Differences According to Grace Received
1 Corinthians 4:6
And these things, brothers, I have in a figure transferred to myself and to Apollos for your sakes…

One can but be struck with the prudence and delicacy of the apostle in not mentioning the actual names of the party leaders at Corinth, but illustrating his principle from such more prominent names as his own, that of St. Peter, and that of Apollos. He avoids any charge of personality; and names only the greater leaders, that the Corinthians might learn not to be puffed up for any minister. All teachers are but men, and all are to be esteemed for the Divine gifts that may be entrusted to their charge. We may not "glory in man," only in God, who distributeth to each man severally as he wills, using this man and that for whatever service he may please. F.W. Robertson, speaking of the Christian ministry, well says, "The qualities which are requisite for the higher part of the ministry are - great powers of sympathy; a mind masculine in its power, feminine in its tenderness; humbleness; wisdom to direct; that knowledge of the world which the Bible calls the wisdom of the serpent; and a knowledge of evil that comes rather from repulsion from it than from personal contact with it. But those qualifications which adapt a man for the merely showy parts of the Christian ministry are of an inferior order - fluency, self confidence, tact, a certain histrionic power of conceiving feelings, and expressing them. Now, it was precisely to this class of qualities that Christianity opened a new field in places such as Corinth. Men who had been unknown in their trades suddenly found an opportunity for public addresses, for activity, and for leadership. They became fluent and ready talkers; and the more shallow and self sufficient they were, the more likely it was that they would become the leaders of a faction." The correction of this evil is indicated in our text. The humble sense of grace received, and the burden of responsibility in so high a trust, should keep all Christian teachers in their right place. Recognizing the differences of men's gifts according to the grace they have received, we should value each man for what gift and grace he may have; but we should take care never to make contrasting estimates, nor allow ourselves to be "puffed up for one against another." The following points may receive illustration from other portions of St. Paul's Epistles, especially from the two to the Corinthians, and from those known as the "Pastoral Epistles" (1 and 2 Timothy and Titus): -

I. THE DIVERSITY OF GIFTS ENTRUSTED TO CHRISTIAN TEACHERS, The work to which they are called is very various in its forms and demands. In the family there must be a variety of services, and ability for each; and in the state a variety of offices, and a fitness for each. So in the Christian Church. For its upbuilding there is needed the gift of architect, and carver, and mason, and labourer, and carpenter. The gift of the preacher differs from that of the teacher, and that again from the gift of the organizer. If we once fully admit that all gifts are of grace, and each an unspeakable honour and an overwhelming responsibility for him to whom it is entrusted, envy of each other would pass for ever away, and we should thankfully use each man for the service God has fitted him to render.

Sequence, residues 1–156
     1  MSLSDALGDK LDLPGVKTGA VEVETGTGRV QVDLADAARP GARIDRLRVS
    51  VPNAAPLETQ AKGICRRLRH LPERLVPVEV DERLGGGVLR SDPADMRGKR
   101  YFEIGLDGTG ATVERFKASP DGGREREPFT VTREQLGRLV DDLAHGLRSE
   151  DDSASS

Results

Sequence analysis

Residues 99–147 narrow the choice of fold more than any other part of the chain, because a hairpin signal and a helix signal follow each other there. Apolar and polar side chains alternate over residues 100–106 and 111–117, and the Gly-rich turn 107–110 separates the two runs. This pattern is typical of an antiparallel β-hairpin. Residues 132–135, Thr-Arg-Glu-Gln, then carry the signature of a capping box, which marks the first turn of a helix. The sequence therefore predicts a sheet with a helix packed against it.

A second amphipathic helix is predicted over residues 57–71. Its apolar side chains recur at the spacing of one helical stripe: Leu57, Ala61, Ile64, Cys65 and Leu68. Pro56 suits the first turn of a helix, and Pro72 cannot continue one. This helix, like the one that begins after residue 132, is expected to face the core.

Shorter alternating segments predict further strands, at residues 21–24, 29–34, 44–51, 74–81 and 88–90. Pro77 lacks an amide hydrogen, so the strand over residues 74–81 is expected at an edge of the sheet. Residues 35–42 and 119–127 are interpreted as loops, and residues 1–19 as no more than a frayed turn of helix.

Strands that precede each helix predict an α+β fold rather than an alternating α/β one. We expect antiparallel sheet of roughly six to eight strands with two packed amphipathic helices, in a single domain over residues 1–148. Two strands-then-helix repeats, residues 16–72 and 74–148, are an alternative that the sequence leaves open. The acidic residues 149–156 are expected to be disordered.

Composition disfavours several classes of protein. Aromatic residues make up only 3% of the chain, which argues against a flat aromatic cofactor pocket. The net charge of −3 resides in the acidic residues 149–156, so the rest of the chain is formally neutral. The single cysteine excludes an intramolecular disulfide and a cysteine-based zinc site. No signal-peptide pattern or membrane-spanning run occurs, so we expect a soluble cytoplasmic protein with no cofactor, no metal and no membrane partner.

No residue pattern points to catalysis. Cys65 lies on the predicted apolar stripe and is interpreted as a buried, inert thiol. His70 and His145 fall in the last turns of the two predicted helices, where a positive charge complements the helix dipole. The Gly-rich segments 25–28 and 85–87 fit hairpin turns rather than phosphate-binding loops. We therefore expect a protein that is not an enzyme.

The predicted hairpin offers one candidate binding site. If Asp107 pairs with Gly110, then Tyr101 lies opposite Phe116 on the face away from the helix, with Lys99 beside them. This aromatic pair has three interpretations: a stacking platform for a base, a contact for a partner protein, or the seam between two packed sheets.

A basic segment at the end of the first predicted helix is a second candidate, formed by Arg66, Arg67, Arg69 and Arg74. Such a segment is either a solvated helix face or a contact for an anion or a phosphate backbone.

II. ALL DIVINE GIFTS ARE UNTO EDIFICATION. God never bestows anything on any man that he may get praise of men or worldly honour for it. All God's gifts are for use. All are entrusted to us for the sake of others. All bear upon the "fully furnishing of our fellow men unto all good works."


1. The effort to bring out the various gifts of men into use. The Church is everywhere rich with the gifted unknowns, and the gifted idler.

2. In the due recognition of the spiritual completeness which God, in his providential leadings, brings to our Churches.

3. In the consequent freeing of men from duties for which they are unfitted, that they may fully cultivate and use their special gift. Impress that the thankful recipiency and use of the Divine provisions for our spiritual needs should master all personal feeling towards individuals. We should honour the Master who arranges the gifts, and honour the servants only for his sake. - R.T.

Parallel Verses
KJV: And these things, brethren, I have in a figure transferred to myself and to Apollos for your sakes; that ye might learn in us not to think of men above that which is written, that no one of you be puffed up for one against another.

WEB: Now these things, brothers, I have in a figure transferred to myself and Apollos for your sakes, that in us you might learn not to think beyond the things which are written, that none of you be puffed up against one another.

Apostolic Delicacy and Tact
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